Photo Caption: Dick McGinn of the Bill of Rights Committee hands in the petition for an anti-fracking ballot measure.
A group of anti-fracking activists announced Saturday that they have submitted more than the necessary number of signatures to put a fracking ban proposal before city of Athens voters in May.
A similar proposal was rejected by the Athens County Board of Elections in August after an objection was raised by a group of Athens residents.
The oil-and-gas drilling technique known as horizontal hydraulic fracturing, and related activities, have become a big local story in the last two years as deep-shale drilling has moved into eastern Ohio, and closer to Athens County. While no horizontal hydraulic fracturing has occurred in Athens County as of this point, related deep injection wells for fracking waste liquids are operating here, with more being proposed.
"The Bill of Rights Committee turned in a total of 871 signatures to Athens Deputy Auditor Laura Kreider at City Hall Friday afternoon, Jan. 3, in support of an initiative petition intended for the spring primary election ballot," a news release sent by BORC spokesperson Dick McGinn announced.
A minimum of 550 valid signatures had been required to place the measure on the spring ballot. The city Auditor's Office is required to hold the petitions for 10 days before submitting them to the elections board for review.
City Auditor Kathy Hecht has previously said that the Board of Elections will then determine the validity of the signatures and also hold them for 10 days. The board must then decide to certify the signatures 90 days before the May primary election.
In August, three election board members voted unanimously to sustain the objection to the citizens' ballot initiative that would have banned fracking as well as waste-disposal activities in the city, and which also expressed an intention to penalize fracking polluters upriver from Athens.
The objection to the BORC's anti-fracking initiative was filed by a separate group of seven Athens area residents represented by local attorneys John Lavelle and Rusty Rittenhouse.
Lavelle and Associates was unable to persuade two other Ohio elections boards to sustain similar objections in Bowling Green and Youngstown, though the initiatives ended up failing with voters in those places anyway. Voters in Oberlin, west of Cleveland, supported a measure to ban fracking and related activities in November.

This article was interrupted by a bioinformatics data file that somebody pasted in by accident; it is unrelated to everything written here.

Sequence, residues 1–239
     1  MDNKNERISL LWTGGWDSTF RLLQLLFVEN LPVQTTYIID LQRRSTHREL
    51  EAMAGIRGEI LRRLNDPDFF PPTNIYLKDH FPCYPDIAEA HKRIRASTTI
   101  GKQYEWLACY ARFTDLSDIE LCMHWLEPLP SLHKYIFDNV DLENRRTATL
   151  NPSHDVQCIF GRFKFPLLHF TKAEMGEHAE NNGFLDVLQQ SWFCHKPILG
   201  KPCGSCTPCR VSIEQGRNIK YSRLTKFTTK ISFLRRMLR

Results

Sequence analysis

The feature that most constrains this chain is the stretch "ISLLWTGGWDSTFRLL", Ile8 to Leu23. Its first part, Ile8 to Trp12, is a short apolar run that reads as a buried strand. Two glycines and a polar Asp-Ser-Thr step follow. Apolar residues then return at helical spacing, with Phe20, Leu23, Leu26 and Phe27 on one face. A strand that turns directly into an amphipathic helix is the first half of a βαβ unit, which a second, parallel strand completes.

In October, the BORC announced it would amend its proposal and work to get the measure to voters on this spring's primary ballot.
"The new initiative differs from an earlier petition by the group, which had sought to ban fracking and injection wells within 20 miles upstream of Athens city, but was blocked by the County Board of Elections," the BORC said in its release Saturday.
The 20-mile language had been a bone of contention brought up by Lavelle to the Board of Elections, and raised heavy criticism from residents and interests outside the city of Athens, who complained that the city has no authority to regulate industrial activities outside its border.
"The current initiative seeks only to ban deep-shale drilling and fracking-waste transport inside the city limits," the release said. "Most importantly, the initiative includes a Bill of Rights which invalidates the state's pre-emptive laws granting special privileges to for-profit corporations over the rights of people to a healthy, clean and safe environment."
Critics of fracking ban advocates often have noted that Ohio Revised Code designates the Ohio Department of Natural Resources' Division of Mineral Resources Management as the sole regulator of oil and gas drilling in the state.
Anti-fracking advocates have argued that municipal home rule should trump state law, and also claimed that the 2004 state law only came about because of campaign contributions and pressure from the oil and gas industry.
City officials have suggested that if a fracking ban measure were to pass in Athens, they would consider seeking a declaratory judgment on it, as preemption to possible litigation.
The name of the BORC's proposed initiative is the Athens Community Bill of Rights and Water Supply Protection Ordinance, and the group said the complete text is available at http://slowdownfracking.wordpress.com.
In addition to the removal of language referencing 20-mile "jurisdiction," other changes found in a side-by-side comparison of the old draft and the new one show a shuffling of the "definitions" section, a scaling back of language directly challenging state authority, and alterations to language defining ecosystems.
The Ohio Supreme Court is currently considering a case that challenges the 2004 law giving ODNR sole authority to permit and regulate drilling in the state.
In that case, plaintiff Munroe Falls cites state constitutionally protected Home Rule principles as allowing local governments to regulate and zone oil and gas drilling activities.
The Pennsylvania Supreme Court recently struck down provisions of that state's Oil and Gas Law that prevented municipalities from applying zoning law to oil and gas operations.